Ryder Hesjedal

World class cyclists coming to Toronto this weekend

A trip down to the Portlands on weekday evening in the summer is enough to establish that Toronto has quite the contingent of hardcore road cyclists, often referred to (sometimes in a derogatory fashion) as roadies. Decked out in spandex garb blazoned with the logos of ProTour teams, looking at these folks (and sometimes riding with them), I often get the sense that Toronto is a city deprived when it comes to professional bike racing.

There are, of course, a number of reasons for this - most notably our climate and geography. If you want to be an elite cyclist, you can't train in a city with no major climbs and that only permits comfortable riding eight (maybe nine) months of the year. There's also the fact that cycling - even when Lance Armstrong was leading the way - has always struggled to capture the North American imagination.

That's a bit of a shame. Anyone's who's even casually followed the Tour de France will undoubtedly admit just how captivating bike racing can be. Yes, it's more exciting in the mountains, but sprint finishes are also remarkably entertaining. And one way of all but ensuring a sprint finish is organizing a criterium, which is essentially a race that consists of laps around a closed circuit of around a couple kilometres or so.

Well, that's exactly what we're getting this Sunday with the Queen's Park Grand Prix. Normally as race like this wouldn't be much cause for much excitement, but with Toronto-born Michael Barry and Ryder Hesjedal (from Victoria) participating, the event has become more alluring. Both Barry and Hesjedal rode in the Tour this year, with Hesjedal finishing in an impressive 7th place in the general classification.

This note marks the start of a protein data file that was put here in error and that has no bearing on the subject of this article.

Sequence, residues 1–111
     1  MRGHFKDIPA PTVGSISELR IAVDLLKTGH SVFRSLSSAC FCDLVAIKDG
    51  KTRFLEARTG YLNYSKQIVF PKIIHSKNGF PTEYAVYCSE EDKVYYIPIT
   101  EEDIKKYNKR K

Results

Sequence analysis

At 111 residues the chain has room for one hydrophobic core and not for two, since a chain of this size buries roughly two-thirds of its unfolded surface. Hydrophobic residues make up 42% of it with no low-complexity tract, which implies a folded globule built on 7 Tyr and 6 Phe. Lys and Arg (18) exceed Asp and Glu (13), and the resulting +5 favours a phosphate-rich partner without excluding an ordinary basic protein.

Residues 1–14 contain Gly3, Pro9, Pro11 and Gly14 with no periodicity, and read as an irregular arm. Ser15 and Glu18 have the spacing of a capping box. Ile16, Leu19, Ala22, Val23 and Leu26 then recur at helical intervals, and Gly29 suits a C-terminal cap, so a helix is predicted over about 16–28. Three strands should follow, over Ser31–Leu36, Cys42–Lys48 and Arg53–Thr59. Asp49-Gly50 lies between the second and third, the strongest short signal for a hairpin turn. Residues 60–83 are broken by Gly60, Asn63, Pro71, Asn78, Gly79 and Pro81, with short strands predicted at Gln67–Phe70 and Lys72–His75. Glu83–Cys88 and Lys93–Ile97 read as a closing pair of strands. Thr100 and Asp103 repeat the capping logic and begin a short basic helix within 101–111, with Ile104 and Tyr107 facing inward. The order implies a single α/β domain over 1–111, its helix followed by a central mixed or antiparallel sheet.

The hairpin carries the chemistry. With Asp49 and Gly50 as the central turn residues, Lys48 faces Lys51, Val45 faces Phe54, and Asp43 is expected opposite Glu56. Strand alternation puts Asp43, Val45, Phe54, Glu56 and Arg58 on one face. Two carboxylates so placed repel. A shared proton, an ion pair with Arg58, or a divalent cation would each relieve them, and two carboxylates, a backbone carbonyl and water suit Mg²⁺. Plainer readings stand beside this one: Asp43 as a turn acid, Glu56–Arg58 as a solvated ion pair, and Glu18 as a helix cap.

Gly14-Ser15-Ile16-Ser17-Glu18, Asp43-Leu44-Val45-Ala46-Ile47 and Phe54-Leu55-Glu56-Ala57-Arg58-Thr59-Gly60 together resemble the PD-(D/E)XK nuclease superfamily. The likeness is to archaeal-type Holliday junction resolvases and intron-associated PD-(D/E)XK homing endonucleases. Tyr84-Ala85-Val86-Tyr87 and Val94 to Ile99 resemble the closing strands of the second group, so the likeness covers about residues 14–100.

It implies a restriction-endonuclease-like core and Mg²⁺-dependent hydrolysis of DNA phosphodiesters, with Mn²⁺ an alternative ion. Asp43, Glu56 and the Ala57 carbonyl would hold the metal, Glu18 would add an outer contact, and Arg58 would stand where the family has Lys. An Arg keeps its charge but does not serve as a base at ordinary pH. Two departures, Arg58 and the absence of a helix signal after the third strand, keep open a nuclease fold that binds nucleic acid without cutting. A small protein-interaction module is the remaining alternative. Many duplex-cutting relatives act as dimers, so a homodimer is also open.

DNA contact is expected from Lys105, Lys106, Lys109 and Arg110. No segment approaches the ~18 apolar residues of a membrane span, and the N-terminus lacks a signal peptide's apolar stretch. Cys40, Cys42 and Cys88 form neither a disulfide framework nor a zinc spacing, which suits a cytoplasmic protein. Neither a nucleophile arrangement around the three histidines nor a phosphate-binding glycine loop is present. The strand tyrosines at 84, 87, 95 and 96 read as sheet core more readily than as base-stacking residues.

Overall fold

There's a variety of categories of riders who'll be racing on Sunday, but the main event is certainly the Men's ProAm, which is only open to elite riders. A field of 110 cyclists will race 80 kilometres in short laps around Queen's Park starting at 12 p.m. To be honest, the majority of the riders are no-name amateurs, but you can bet that they'll be gunning for the bragging rights of knocking off one the two ProTour riders in the race.

I'd be surprised if one of Barry or Hesjedal doesn't win this thing, but with the other riders working in teams and the possibility of crashes - crits are often crash-fests - anything can happen.

For more information, check out the race's website.

Photo from Team Garmin-Transitions Flickr stream

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